While it's true that many if not most religions, monotheistic or otherwise, have some definite opinions on how the universe came to be this way, the innovation of linking cosmogony so tightly to morality is largely an Abrahamic one. For example, try talking to hunter-gatherers in the Amazon, as an anthropologist friend of mine does constantly. He informs me that of course they have some stories about where the stars came from, how the forest appeared, and so on - but they don't seem so worried that asking questions about the official account will cause you to go on a killing spree, perhaps because their religion has never moved into an institutionalized, explicitly-designed-to-propagate-itself phase where the Abrahamic innovation is mandated. Indeed, growing up in a predominantly Abrahamic culture is the excuse I'll give you for having missed the third function of religion until now; I was a victim of "the anesthesia of the familiar", as Dawkins puts it.

So what's the third function? This morning I was thinking about Confucianism and where it fell on the religion-philosophy spectrum. Confucius is pretty dry; he was really kind of an ancient management consultant guru-cum-Emily Post, concerned almost entirely with thou-shalt-nots - how people should behave toward each other given their relationships, and how states should be run (practical I guess, but frankly boring and somewhat provincial to time and place). What struck me thinking about Confucius (whose thought is regarded as an ideology but usually not a religion) is that, so far as I know, Confucius was silent on all matters of cosmogony - as well as on epistemology. And there it is. If you're in an established institution, propagating itself and benefiting its leaders materially, why would you ever want people thinking about how we know what's true? Of course, there are exceptions, and not all religions are silent on matters of how we know what we know - in particular among world religions, Buddhism has been active on this question, albeit still dogma-bound by the standards of Enlightenment skepticism. Yes, there is some Christian epistemology, but a) it's post-Enlightenment, b) it has zero to do with the ideology that's being propagated into the future, i.e. you won't find Pentecostals studying epistemology on Sunday morning and c) would it still be Christian epistemology if it were reasoned, or at least from the start considered possible to reason, that in fact the Bible is not a good source, and we have no evidence that the Christian God exists? No. Then it would be Bart Ehrman. And furthermore, this is why a) Jesus and Confucius were not philosophers b) Aristotle and Kant were, and c) strongly suggests that any way of looking at the world without vigorous epistemology is likely to be sterile wheel-spinning and can serve only political and propagative goals.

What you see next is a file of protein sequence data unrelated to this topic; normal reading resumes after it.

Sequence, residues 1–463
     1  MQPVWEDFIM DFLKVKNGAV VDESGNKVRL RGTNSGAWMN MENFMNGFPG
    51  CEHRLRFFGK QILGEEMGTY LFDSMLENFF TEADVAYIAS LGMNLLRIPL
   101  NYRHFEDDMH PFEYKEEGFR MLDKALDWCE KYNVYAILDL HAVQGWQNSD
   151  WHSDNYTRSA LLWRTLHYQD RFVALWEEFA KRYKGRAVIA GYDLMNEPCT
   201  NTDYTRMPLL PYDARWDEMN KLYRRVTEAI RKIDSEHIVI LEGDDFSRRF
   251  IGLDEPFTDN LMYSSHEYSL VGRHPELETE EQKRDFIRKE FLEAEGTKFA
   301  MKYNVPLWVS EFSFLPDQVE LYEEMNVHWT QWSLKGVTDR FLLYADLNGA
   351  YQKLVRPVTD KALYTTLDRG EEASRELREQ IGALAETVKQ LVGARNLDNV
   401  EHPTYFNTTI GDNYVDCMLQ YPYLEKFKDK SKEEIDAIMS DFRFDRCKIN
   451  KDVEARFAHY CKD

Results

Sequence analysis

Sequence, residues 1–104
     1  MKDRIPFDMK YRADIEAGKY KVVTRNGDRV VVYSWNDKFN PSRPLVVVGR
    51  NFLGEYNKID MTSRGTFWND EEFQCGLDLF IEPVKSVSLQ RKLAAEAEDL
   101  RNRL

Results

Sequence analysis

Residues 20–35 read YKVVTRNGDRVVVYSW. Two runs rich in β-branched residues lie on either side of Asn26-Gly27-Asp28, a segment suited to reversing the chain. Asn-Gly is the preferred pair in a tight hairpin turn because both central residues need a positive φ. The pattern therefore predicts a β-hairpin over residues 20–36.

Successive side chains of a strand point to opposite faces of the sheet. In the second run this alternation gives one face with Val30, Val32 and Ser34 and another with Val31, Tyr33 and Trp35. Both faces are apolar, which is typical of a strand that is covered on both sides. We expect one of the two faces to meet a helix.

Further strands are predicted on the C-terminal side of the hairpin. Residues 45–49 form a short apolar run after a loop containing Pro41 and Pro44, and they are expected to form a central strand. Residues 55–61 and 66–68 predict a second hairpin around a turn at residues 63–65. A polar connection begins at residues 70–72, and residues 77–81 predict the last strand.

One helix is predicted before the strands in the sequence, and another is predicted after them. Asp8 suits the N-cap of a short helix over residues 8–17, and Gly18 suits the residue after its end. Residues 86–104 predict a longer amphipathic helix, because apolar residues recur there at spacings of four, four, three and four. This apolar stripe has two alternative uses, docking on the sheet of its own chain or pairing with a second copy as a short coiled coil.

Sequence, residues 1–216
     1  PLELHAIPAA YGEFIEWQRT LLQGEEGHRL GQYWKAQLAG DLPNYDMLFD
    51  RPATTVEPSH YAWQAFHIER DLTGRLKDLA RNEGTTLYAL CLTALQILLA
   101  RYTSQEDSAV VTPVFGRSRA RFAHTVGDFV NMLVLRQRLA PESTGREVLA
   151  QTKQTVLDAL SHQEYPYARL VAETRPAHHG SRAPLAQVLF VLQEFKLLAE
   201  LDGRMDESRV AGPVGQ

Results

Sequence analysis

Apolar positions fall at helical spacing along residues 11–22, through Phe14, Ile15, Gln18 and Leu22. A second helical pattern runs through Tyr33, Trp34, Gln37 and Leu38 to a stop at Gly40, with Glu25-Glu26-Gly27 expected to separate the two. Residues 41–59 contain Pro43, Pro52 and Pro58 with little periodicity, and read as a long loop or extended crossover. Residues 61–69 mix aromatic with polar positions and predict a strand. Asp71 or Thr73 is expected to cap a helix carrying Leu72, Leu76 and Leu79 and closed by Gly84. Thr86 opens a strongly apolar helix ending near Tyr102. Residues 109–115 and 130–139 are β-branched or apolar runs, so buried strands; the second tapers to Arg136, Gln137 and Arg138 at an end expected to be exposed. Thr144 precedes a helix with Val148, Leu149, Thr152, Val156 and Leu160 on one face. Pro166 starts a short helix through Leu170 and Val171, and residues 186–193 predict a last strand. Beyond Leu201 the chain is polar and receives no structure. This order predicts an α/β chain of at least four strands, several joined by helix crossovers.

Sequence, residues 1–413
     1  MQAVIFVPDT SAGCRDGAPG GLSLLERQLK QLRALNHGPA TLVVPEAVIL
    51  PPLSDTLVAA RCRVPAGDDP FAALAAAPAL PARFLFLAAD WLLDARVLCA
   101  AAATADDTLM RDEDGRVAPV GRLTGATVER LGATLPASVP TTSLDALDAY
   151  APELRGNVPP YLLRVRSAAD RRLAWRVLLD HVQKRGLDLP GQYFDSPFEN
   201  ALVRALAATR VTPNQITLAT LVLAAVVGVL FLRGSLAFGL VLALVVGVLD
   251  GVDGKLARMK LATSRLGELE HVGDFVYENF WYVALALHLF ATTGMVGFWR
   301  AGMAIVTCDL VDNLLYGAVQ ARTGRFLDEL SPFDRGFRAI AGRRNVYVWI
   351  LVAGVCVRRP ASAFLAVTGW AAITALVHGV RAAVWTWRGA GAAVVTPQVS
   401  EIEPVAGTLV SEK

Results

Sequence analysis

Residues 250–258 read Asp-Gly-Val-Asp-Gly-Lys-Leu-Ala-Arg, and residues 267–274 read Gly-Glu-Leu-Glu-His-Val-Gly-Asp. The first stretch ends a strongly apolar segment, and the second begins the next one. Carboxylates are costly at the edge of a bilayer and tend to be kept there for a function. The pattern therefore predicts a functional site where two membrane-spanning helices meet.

2 comments:

Teleprompter said...

I can barely tell you how much I enjoyed this post, as well as the other post I just commented on. I read pretty much all of your posts, though I do rarely comment. Still, consistently, good work.

As a philosophy and religion junkie, this is fascinating and will do a lot for my own thinking, I am sure.

Michael Caton said...

Glad you enjoy it, but as a philosophy major it would be great to have more of your thoughts as well!